Despite strong bullish momentum for the broader market in 2023, many financial technologies stocks have continued to struggle this year. Notably, PayPal (PYPL -1.45%) has fallen 23% this year while Block (SQ -2.33%) is down 19%. Both stocks are now down about 82% from their respective peaks.
Which of these high-profile fintech companies stands as the better investment opportunity right now? Read on for a look at competing bull cases presented by two Motley Fool contributors.
PayPal has come a long way
Parkev Tatevosian: PayPal has done an excellent job of growing and becoming a giant in the payments industry. Indeed, the company has surpassed 400 million active accounts, increased revenue meaningfully over the last decade, and, most importantly, boosted profitability.
The primary customer value PayPal provides is convenience in making online purchases. Instead of taking out your credit or debit card to input your information on every new website or app you shop on, you can use PayPal.
Of course, if customers appreciate the convenience, merchants want to accept it as a payment method, or they risk losing customers to rivals. That factor has led PayPal to reach 428 million active accounts (merchants and buyers) as of its latest update.
Of course, account growth is meaningless unless it results in revenue and profits. Between 2012 and 2023, PayPal’s revenue increased from $6.7 billion to $27.5 billion. More impressively, its operating income jumped from $1.1 billion to $4 billion.
PayPal’s stock is not without risks. Namely, the company has shed active users for three consecutive quarters, and its transaction margin is falling. However, I think the stock price is more than accounting for the risks in the business.
Data source: YCharts
The stock is trading at a forward price-to-earnings multiple of less than 10, which, in my opinion, offers investors an excellent risk versus reward for this financial technology company.
Block’s business is turning a corner
Keith Noonan: Block has seen volatile trading in recent years, but its latest earnings report has delivered some very encouraging signals for the business. Between its CashApp mobile payments wallet, its Square payment-processing hardware and software offering for businesses, Bitcoin initiatives, and other operations, things appear to be heading in the right direction.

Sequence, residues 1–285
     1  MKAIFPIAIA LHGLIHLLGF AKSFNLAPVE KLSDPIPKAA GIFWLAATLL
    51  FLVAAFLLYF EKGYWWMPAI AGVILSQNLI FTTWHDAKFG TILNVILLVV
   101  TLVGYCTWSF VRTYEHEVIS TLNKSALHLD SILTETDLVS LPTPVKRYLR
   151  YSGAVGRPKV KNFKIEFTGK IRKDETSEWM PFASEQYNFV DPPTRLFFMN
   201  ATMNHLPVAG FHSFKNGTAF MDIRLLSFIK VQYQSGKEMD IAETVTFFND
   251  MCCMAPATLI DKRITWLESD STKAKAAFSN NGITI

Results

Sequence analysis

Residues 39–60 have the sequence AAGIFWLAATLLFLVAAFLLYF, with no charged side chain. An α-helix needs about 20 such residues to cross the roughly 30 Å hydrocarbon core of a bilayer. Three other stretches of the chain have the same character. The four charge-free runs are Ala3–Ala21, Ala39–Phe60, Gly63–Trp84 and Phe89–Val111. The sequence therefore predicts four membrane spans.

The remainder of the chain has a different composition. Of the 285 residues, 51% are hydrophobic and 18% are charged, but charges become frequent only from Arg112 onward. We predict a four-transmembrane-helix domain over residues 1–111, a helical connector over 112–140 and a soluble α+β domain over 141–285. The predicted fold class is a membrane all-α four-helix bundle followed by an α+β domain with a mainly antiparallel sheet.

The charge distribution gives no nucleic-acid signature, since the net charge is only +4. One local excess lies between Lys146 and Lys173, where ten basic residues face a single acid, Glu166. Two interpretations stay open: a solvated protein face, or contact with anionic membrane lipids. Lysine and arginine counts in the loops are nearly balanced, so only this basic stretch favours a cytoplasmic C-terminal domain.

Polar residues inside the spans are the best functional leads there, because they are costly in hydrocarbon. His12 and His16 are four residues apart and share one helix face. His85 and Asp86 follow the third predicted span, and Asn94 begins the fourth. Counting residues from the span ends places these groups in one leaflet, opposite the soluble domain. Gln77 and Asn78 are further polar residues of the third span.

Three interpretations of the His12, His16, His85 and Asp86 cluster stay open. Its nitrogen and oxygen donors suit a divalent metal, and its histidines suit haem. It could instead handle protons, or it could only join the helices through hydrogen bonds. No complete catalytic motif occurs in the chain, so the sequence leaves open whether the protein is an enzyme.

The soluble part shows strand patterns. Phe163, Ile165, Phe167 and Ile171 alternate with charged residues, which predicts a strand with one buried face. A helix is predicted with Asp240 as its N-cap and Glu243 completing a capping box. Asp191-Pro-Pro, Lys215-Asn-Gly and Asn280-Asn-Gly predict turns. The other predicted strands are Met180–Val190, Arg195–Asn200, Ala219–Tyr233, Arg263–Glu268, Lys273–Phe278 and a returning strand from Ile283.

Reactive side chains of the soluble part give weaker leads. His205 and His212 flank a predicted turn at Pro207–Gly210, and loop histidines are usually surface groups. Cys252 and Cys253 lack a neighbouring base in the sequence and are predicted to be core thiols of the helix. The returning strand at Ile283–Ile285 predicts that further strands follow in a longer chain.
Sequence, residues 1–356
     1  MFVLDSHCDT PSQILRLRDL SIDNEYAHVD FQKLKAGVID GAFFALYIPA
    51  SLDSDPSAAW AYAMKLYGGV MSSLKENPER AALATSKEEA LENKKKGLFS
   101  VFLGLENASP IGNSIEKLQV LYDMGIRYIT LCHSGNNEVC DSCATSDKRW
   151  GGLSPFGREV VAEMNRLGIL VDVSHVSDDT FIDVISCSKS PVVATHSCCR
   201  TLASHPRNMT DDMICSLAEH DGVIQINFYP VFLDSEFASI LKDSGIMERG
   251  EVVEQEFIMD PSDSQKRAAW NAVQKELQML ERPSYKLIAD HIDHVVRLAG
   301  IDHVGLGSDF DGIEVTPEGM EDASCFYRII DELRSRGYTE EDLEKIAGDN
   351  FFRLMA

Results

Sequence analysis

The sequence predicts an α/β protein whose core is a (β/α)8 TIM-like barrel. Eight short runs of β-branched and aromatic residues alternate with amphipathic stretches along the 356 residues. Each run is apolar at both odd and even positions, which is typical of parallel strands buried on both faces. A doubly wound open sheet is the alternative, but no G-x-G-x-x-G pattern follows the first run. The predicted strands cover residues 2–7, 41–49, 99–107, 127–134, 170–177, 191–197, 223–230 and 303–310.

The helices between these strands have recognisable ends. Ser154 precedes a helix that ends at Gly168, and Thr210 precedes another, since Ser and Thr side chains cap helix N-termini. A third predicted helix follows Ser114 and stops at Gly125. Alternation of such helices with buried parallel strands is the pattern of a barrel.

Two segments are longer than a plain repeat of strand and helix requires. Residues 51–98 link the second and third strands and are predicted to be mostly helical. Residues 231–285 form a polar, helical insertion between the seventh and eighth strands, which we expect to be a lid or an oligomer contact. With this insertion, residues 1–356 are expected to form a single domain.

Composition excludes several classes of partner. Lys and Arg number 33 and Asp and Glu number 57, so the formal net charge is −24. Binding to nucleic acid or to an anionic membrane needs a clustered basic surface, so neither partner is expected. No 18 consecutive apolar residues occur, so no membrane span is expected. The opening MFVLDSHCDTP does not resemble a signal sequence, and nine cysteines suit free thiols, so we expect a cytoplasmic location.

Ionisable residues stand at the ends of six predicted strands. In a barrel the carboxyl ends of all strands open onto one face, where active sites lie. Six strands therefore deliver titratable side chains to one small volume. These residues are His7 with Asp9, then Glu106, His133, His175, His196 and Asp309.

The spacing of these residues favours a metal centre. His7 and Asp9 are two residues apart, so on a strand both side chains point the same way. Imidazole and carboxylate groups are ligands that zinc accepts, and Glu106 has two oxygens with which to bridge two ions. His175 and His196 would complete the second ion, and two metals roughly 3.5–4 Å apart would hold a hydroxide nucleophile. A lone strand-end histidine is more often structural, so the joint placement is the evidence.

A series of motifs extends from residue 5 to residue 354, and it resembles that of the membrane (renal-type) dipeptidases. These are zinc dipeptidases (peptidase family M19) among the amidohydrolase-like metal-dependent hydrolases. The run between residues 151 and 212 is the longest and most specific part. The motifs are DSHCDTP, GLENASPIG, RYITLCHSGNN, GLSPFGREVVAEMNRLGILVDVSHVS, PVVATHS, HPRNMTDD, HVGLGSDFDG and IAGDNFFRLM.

The company recorded $1.9 billion in gross profit in the third quarter, representing growth of 21% year over year. In Q3, gross profits from CashApp grew 27% year over year to reach $984 million. Meanwhile, gross profit from the Square platform grew 15% year over year to reach $899 million.
Block looks poised to reach Rule of 40 status in 2026, which is viewed by some analysts and investors as a key benchmark for success and sustainability for software services companies.
While the typical definition for Rule of 40 involves having a combined sales growth rate and profit margin of at least 40%, Block uses a gross-profit growth rate and non-GAAP (adjusted and not in compliance with generally accepted accounting principles) operating income margin because gross profit is a better reflection of its financial performance.
If the company continues to show progress meeting its initial Rule of 40 goal, with at least mid-teen percentages gross profit growth and a mid-20% operating-income margin by 2026, the stock has a good chance of delivering strong gains above current pricing levels.
Which stock is the better buy?
At current prices, Block and PayPal each have room to deliver strong returns for patient investors. Which stock should come down to your personal risk tolerance and portfolio goals. For investors looking for deep-value plays in the fintech market, PayPal is likely the better buy. The company trades at low earnings multiples, and its deeply entrenched business could power substantial valuation recovery.
For more growth-oriented investors, Block may be the better portfolio fit. While the company’s current valuation already prices in some strong performance, the fintech specialist has continued to increase its sales and gross profits at an encouraging clip and still has a long runway for continued expansion. Block looks like the riskier of the two stocks, but it could deliver more upside.